14:45: Iterated Urban Geographies

Timothy Anderson, NYU

“Mapping and Interpreting Fictional Vilnius: City Syntax and Semantics in the Prose of Gavelis, Kunčinas, and Ramonas”

Project: Vilnius Literature

  • Julija Snežko — Assistant Professor of Russian Filology at Vilniaus universitetas (Lithuania)
    Bio Julija is an Assistant Professor at the department of Russian Philology at Vilnius University, specializing in Russian Literature. Her dissertation considered Nikolaj Karamzin from the intersection of aesthetics and politics. She also studies the works of Jurgis Baltrušaitis, a Lithuanian-Russian poet and diplomat. She continues research in the cartographic and theoretical problems of mapping Vilnius literature.
  • Taisija Oral (in absentia) — Independent Scholar (UAE)
“Gendered Flânerie in American Expat Literature”
  • Amy Wells (@amywells06) — Associate Professor of English at Université de Caen Normandie (France)
    Bio Amy D. Wells holds a double Ph.D. in American Literature from Texas Tech University and the Université de Limoges. Associate Professor at the Université de Caen Normandie since 2012, she teaches American Literature, Civilization, and English for Digital Humanities. Her research interests involve women’s studies, geocriticism, and craftivism.
“Walking through Place: Mobile Perspectives on the Lived-in City”
  • Rebecca Hutcheon — Research Associate in English and Creative Writing at Lancaster University and Teaching Fellow at University of Bristol (UK)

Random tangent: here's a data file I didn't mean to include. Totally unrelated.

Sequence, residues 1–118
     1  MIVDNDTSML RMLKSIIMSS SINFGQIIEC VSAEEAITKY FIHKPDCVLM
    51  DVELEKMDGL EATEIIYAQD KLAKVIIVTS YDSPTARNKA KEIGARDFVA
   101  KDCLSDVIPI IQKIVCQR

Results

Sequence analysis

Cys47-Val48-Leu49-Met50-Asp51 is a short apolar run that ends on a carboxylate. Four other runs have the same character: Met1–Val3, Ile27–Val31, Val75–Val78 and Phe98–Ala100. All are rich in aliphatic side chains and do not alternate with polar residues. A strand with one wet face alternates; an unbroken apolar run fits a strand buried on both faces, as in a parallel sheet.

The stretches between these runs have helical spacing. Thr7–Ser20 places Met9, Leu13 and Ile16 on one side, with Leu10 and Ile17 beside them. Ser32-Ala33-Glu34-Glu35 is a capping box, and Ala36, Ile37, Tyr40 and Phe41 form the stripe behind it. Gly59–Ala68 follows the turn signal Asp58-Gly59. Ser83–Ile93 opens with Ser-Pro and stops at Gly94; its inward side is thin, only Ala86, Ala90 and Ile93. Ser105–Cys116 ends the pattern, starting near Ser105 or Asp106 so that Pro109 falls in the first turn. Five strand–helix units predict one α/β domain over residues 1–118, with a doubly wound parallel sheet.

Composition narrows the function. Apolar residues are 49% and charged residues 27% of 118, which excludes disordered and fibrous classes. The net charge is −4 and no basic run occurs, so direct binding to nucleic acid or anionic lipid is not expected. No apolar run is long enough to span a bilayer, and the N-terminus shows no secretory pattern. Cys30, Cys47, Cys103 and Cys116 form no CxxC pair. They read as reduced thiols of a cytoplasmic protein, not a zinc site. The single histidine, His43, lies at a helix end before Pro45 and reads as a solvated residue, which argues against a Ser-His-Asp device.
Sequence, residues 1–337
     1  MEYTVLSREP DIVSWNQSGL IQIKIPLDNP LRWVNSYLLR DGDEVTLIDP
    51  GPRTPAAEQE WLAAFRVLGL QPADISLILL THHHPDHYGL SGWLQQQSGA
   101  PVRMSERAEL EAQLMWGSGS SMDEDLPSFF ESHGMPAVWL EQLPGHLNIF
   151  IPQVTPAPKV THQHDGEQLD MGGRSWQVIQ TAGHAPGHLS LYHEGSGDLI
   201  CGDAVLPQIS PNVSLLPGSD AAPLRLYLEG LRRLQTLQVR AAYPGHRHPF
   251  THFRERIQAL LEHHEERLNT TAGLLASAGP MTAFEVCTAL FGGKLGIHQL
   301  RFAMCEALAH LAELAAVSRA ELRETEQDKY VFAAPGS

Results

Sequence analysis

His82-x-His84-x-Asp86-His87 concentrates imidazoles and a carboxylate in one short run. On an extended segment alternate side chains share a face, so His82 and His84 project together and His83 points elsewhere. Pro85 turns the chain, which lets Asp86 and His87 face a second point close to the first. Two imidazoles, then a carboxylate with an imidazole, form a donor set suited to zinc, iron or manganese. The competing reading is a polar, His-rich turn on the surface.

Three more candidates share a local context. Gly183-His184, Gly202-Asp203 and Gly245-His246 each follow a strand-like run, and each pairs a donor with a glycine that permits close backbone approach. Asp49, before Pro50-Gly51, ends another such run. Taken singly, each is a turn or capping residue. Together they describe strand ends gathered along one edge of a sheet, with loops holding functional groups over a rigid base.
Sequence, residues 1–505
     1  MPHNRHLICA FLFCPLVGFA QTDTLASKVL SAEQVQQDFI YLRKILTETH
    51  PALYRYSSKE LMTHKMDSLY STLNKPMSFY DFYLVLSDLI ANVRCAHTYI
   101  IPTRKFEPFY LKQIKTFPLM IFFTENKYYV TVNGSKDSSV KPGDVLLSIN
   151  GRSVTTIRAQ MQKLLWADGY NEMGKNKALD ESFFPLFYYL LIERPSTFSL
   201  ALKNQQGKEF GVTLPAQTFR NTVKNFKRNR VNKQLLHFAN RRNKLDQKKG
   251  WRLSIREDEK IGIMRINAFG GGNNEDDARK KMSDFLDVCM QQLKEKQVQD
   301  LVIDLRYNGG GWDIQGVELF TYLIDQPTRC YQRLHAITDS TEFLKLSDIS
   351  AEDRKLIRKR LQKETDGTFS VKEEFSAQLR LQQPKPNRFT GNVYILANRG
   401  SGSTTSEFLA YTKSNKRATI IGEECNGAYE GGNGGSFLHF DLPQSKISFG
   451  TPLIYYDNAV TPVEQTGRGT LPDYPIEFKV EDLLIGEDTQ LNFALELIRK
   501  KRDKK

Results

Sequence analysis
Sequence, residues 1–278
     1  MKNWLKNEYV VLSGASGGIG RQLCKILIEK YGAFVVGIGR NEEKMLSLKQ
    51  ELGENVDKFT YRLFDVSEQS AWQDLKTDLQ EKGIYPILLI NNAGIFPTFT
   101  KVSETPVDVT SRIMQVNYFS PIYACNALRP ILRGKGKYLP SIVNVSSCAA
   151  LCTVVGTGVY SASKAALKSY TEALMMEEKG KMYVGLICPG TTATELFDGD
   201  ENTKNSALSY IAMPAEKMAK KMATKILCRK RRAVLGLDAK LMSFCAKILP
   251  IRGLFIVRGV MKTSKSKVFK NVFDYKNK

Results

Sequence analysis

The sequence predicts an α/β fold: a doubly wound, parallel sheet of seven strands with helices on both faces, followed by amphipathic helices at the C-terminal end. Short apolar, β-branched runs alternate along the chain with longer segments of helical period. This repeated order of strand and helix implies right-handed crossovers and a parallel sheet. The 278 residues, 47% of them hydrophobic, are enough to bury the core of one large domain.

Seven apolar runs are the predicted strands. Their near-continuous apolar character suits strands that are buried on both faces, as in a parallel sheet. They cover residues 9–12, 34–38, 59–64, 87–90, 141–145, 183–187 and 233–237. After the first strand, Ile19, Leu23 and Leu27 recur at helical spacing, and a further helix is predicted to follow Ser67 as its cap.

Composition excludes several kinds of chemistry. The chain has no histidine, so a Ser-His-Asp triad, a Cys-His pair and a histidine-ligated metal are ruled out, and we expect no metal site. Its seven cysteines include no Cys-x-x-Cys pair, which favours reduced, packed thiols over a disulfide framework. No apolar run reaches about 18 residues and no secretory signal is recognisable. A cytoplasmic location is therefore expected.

Bio Rebecca Hutcheon is a senior teaching associate at the University of Bristol, and a post-doctoral researcher on the AHRC-funded “Chronotopic Cartographies” at Lancaster University. Her monograph, Writing Place, was published by Routledge in 2018. She has also published on mapping urban space, the country house motif, Bakhtin and Tennyson. Her research interests include: George Gissing and the fin-de-siècle, literature and place, and the long nineteenth century. She is also the co-creator of the smart-phone app: Romantic Bristol: Writing the City.

16:00: Tea

17:00: “Mapping the Text in the 21st Century, or, Back to Bakhtin”
Professor Sally Bushell, Lancaster University (UK)

Prof. Sally Bushell

Sally Bushell is Professor of Romantic and Victorian Literature in the Department of English Literature & Creative Writing, Lancaster University. She is also Head of Department (2014–18) and Co-Director of The Wordsworth Centre. Her research seeks to open up new modes of interpretation for the literary work by enlarging the focus of literary criticism from interpretation of semantic content onto comparative understanding of other aspects of the literary work in ways that not only illuminate traditional models but, potentially, re-determine them. Her first book was entitled Text as Process: Creative Composition in Wordsworth, Tennyson and Dickinson (Virginia UP, 2009). Her second book which will go to press in 2019 is called Reading and Mapping: Spatialising the Text and is centered upon the relationship between visual/spatial and verbal meanings for the literary work, offering an integrated reading of spatial meaning through map and text.

Sunday, 22 April 2018
NYU Department of English, 244 Greene, room 106

11:00 – 14:00 Informal Skills Workshops or Hackathon

We don’t yet know precisely what, but for people still around, we’ll have an informal debriefing session where we can drink some coffee and discuss what we’ve learned.